Your bug out bag… a bag you frequently change the contents of due to thoughts such as, “Oh yeah! I forgot to add this item,” or, “Maybe the bag is too heavy,” or, “Do I have enough necessary items?”
The truth is, there are always items you can add to your bug out bag, but making it too heavy can be cumbersome. At the same time, you feel like if you remove an item to lighten the load, it could prove to be a mistake later. So, what is the perfect balance?
I will share with you some examples of lists that you can use as a guide for your own B.O.B. But first, I want to answer the most common question about 2 different types of bug out bags.
Yes and no.
A72-hour emergency kit is a “type” of bug out bag. It is purposed exactly the way it was named: it should be constructed to get you through a 72-hour survival situation. The reason why many survivalists pick the 3-day window is because in most cases, you will be rescued and back in civilization by the third day.
The much larger bug out bag is what I call aSustainability Kit— a bag that is constructed to get you through a much longer survival situation. Naturally, this bag will be packed a little differently and will be larger than the 72-hour kit.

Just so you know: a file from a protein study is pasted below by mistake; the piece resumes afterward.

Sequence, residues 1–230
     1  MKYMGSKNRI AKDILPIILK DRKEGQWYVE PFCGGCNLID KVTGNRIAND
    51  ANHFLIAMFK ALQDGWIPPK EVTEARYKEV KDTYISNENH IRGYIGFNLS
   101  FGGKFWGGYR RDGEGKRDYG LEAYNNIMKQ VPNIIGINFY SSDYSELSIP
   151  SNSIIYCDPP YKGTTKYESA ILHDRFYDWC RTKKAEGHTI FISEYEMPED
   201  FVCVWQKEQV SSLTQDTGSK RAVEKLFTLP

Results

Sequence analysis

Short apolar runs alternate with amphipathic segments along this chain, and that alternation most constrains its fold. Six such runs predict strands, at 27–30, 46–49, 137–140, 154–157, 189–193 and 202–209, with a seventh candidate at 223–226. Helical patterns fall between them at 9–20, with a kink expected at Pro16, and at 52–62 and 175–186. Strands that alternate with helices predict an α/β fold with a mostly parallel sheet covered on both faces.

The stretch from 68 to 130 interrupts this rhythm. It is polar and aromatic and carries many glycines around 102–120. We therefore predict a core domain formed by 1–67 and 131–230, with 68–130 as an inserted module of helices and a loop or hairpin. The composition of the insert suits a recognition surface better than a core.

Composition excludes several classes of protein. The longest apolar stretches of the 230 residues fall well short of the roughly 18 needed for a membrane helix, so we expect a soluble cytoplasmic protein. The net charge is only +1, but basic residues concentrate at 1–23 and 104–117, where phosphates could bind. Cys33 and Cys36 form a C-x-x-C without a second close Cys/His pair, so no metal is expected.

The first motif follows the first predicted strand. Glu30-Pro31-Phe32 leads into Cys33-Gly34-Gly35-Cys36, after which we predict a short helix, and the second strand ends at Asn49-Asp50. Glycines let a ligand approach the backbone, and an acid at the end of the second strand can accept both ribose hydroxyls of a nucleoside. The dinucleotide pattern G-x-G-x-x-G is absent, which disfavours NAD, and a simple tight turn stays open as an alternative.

I will share examples of lists for both types of bug out bags.
72-Hour Emergency Kit
It’s a great idea to have one kit in your vehicle and a separate 72-hour emergency kit in your home. In my opinion, I think EVERY family member should have two identical kits each: one set of 72-hour emergency kits in your home ready to grab at a second’s notice, and a second set of 72-hour emergency kits to keep in the trunk of your vehicle. I know it may sound like a little much to have two kits ready to go for each person, but when disaster strikes, you and each of your family members need to already have that safety net in place. Whether you’re in your vehicle or in your home, your emergency kits will be there — and what a relief it will be to each of you to have those much needed emergency supplies.
Note: Some of the items on this list can be shared among family members, so you can save a little money and space by sharing items like a can opener, for example. Also, blankets and extra pairs of shoes are a great addition to this list. And finally, any prescribed medications should be added to the first aid kits.
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